Gaza day 11: Israel bombs schools, pressure mounts for ceasefire
Israeli tanks and troops surged into towns across the Gaza Strip Dec. 6, battling Hamas fighters through the streets and alleys of Gaza City in the heaviest fighting of the 11-day-old offensive. Israeli air-strikes hit three UN-run schools, killing at least 45 people—bringing the Palestinian death toll in "Operation Cast Lead" to 635 and sparking urgent new ceasefire calls.
160 children killed
The United Nations demanded an investigation into the tank and air assaults that hit three UN-run schools—killing at least 45 people who had taken shelter in one at the Jabaliya refugee camp. Earlier, two people were killed when an artillery shell slammed into a school run by the UN Palestinian relief agency UNRWA in Khan Yunis. Three people were killed in an air-strike on a school in the Shati refugee camp in Gaza City, medics said.
The UN Humanitarian Coordinator for the Palestinian territories, Maxwell Gaylard, said Israel had the GPS coordinates of all UN buildings in Gaza—including its schools. "Neither homes nor UN shelters are safe" for civilians, he said in a statement which reaffirmed UN ceasefire calls. "These tragic incidents need to be investigated, and if international humanitarian law has been contravened, those responsible must be held accountable."
Palestinian medics say the toll of children killed since the Israeli offensive began 11 days ago has now reached 160. (Middle East Online, Jan. 6)
Babies face hypothermia risk
The British aid organization Save the Children warned that newborn babies in Gaza are at risk of hypothermia because of freezing temperatures and a cut in the power supply. Most homes and hospitals in Gaza, where night-time temperatures drop to freezing, are now without power and have no heating, the charity said, adding that people leave windows open to keep them from shattering under the impact of bombardment.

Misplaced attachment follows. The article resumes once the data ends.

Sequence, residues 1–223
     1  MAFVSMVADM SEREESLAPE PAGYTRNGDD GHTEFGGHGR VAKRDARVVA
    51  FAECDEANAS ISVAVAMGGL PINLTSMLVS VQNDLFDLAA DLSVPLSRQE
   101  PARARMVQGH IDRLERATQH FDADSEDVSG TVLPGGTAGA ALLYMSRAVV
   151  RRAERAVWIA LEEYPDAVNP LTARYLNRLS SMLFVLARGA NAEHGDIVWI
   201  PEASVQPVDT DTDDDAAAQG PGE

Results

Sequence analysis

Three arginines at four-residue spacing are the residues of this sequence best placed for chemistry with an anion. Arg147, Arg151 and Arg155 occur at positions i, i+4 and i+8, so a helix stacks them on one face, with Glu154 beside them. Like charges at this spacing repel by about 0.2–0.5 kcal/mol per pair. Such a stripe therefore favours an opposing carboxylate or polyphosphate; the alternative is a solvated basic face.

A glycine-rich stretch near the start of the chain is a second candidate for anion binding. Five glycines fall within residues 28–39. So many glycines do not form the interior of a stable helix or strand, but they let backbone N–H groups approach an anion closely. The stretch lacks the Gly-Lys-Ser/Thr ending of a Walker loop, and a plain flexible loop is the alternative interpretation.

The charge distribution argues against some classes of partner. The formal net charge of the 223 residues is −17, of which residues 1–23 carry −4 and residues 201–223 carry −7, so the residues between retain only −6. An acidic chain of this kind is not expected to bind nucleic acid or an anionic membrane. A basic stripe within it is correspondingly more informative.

"We need to deliver more food and blankets to ensure that children do not die of hunger and cold," said Jerusalem-based Save the Children spokesman Dominic Nutt. Referring to a European Union mission in the region, he added: "We want [British Prime Minister] Gordon Brown and all EU leaders to push for a ceasefire so that we have safe access to those people in need in Gaza."
Doctor Shaul Dollberg, professor of paediatrics at Tel Aviv University, was quoted by the charity as saying: "There is definitely potential for hypothermia for children in Gaza, especially for newborn babies. "Newborns need higher temperatures to survive." (Middle East Online, Jan. 6)
Israel to respond to US ceasefire request?
On the diplomatic front, Arab nations again pressed the case for a UN Security Council resolution condemning the onslaught, but Israel rejected ceasefire calls by French President Nicolas Sarkozy and other leaders. "Europe must open its eyes," President Shimon Peres told an EU ministerial delegation. "We are not in the business of public relations or improving our image. We are fighting against terror and we have every right to defend our citizens."
But reports in the Israeli press indicate that both the incoming and outgoing US presidents have expressed deep concern to Israel about civilian deaths in the Gaza Strip. According to military analyst Alof Ben David, the Israeli government may actually respond to a ceasefire request from the US within 48 hours.
US Secretary of State Condoleezza Rice said Washington backed a ceasefire proposal by Egyptian President Hosni Mubarak. "We need urgently to conclude a ceasefire that can endure and that can bring real security," Rice told the UN Security Council. "In this regard we are pleased by and wish to commend the statement of the president of Egypt and to follow up on that initiative."
Palestinian President Mahmoud Abbas blasted called Operation Cast Lead "the latest catastrophe" meted out on Palestinians by Israel. "The Israeli machine of destruction continues to kill, to commit the most heinous of possible crimes despite international unanimity, an unprecedented unanimity in calling for an end of this massacre against innocent civilians that do not deserve such brutality," Abbas said. Abbas referred to strikes on the UN schools as a "massacre," and "new proof of crimes against our people." (Nonetheless, the New York Times reported that Palestinian Authority riot police put down a pro-Hamas march in solidarity with Gaza at Atarot near Ramallah on the West Bank.)
At least 12 more Hamas rockets were fired over the border into Israel Dec. 6, one reaching 45 kilometers inside Israeli territory—the deepest yet. Israeli military sources said a baby was lightly wounding a baby. (Ma'an News Agency, Ha'aretz, AFP, NYT, Jan. 6)
See our last post on Gaza
If you appreciate this work, please support us with a small donation: